In 1833, Johannes Brahms was born, and seven years later, in 1840, Peter Ilich Tchaikovsky was born. You’ll find piles of CDs featuring their music in our classical collection.
In 1901, Gary Cooper, the star of High Noon, The Virginian, Love in the Afternoon and Sergeant York (among many others) was born. We have a biography of him that was written by his daughter Maria — Gary Cooper Off Camera : a Daughter Remembers (as usual, unless otherwise stated, the descriptions that follow each title are from the publishers):
Gary Cooper (1901-1961) is an American icon-an actor whose handsome features and unstudied poise made him one of the great stars of Hollywood’s Golden Era. Now, his only child gives us an extraordinary memoir-a book that reveals the Gary Cooper only she knew. Illustrated throughout with 175 photographs, including many never-before-published family pictures, Maria Cooper Janis’ heartfelt book offers an unprecedented look at her father’s private side, from his Montana boyhood and his Hollywood home life to his friendships with Ernest Heming way, Pablo Picasso, and Jimmy Stewart, among others. Filled with anecdotes that capture the off-screen humor and warmth of this avid outdoorsman and great humanitarian, Gary Cooper Off Camera is an unforgettable portrait of a great star and a beloved father.
Gary Cooper won the Oscar(R) for the Best Actor in this classic tale of a lawman who stands alone to defend a town of cowardly citizens against a gang of revenge-seeking criminals. In the greatest showdown in the history of cinema, Cooper stands to lose not only the town but his new wife, Grace Kelly. The film also stars one of Hollywood’s most beloved and prolific actors, Lloyd Bridges, and marks the first starring role for a beautiful young actress and internationally adored screen legend – Grace Kelly. HIGH NOON garnered a total of four Academy Awards(R) including Best Editing, Score and Original Song.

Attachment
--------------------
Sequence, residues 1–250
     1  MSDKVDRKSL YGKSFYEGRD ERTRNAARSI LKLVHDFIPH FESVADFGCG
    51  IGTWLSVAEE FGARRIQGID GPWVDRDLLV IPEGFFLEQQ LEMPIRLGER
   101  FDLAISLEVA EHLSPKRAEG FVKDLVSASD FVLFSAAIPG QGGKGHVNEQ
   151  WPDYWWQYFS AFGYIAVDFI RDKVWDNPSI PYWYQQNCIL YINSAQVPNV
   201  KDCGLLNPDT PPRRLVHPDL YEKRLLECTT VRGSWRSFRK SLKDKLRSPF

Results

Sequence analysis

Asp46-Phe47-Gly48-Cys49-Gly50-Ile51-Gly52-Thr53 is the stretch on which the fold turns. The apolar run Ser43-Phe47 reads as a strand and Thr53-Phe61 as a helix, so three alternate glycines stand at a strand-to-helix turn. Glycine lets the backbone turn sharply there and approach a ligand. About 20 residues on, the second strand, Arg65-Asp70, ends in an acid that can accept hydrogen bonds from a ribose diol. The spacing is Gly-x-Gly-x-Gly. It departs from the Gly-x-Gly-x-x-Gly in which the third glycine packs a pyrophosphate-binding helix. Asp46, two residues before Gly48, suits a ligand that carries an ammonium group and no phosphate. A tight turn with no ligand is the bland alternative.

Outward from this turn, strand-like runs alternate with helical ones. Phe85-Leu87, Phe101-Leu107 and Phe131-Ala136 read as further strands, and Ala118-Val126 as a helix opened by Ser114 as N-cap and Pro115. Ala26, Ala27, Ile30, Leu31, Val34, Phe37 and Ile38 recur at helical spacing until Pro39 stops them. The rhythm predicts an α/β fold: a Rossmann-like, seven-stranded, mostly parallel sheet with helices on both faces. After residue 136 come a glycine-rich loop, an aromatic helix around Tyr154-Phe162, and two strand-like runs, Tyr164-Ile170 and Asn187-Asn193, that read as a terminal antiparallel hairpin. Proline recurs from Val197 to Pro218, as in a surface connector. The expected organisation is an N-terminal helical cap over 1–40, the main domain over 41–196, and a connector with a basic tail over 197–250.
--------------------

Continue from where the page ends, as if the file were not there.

In this best-selling biography, French and Argentine journalist Alicia Dujovne Ortiz examines the mythology that surrounds Eva Peron as she penetrates the complexities behind Peron’s ever-lasting allure. Born in 1919, the illegitimate daughter of destitute Argentine farmers, Eva Duarte spent her adolescence aspiring to the grand and glorious fame of the theater. At the first opportunity, she fled the deprivation of her origins and the backwaters of her poor village for the glittering lights of Buenos Aires. However, because she lacked both formal training and talent to be an actress, Eva quickly realized that it would take many years of hardship for even a small chance at becoming the star of her generation. It was during this time of disillusion that Eva met Juan Peron. Abandoning her pursuit of stardom, Eva concentrated all of her efforts on helping the future dictator of Argentina ascend politically. Her theatrical ambition was substituted with the desire not only to launch her husband’s career, but to remake herself as a figure of providence for the millions of impoverished workers of her country. With access to the newly declassified archives of the Peron government, Ortiz has uncovered new information, including connections between Juan Peron and the German Nazi party. Taking into account every source of information — many never available to any other previous biographer — Ortiz has tapped into dozens of personal testimonies, including that of Father Hernan Benitez, Eva’s personal confessor, as well as Eva’s own private memoirs.
And (my personal favorite in this round up) in 1922, actor Darren McGavin, best-known for his role as the father in the holiday classic A Christmas Story:
From the All Movie Guide: Nine years after the Yuletide slasher flick Black Christmas, Porky’s director Bob Clark once again took on the holiday genre, switching from gasps to laughs with A Christmas Story. Adapted from a memoir by humorist Jean Shepherd (who narrates), the film centers on Ralphie Parker (Peter Billingsley), a young boy living in 1940s Indiana, desperately yearning for a Red Rider BB gun for Christmas. Despite protests from his mother (Melinda Dillon) that he’ll shoot his eye out, Ralphie persists, unsuccessfully trying to enlist the assistance of both his teacher and Santa Claus. All the while, Ralphie finds himself dealing with the constant taunts of a pair of bullies and trying to not get in the middle of a feud between his mother and father (Darren McGavin) regarding a sexy lamp.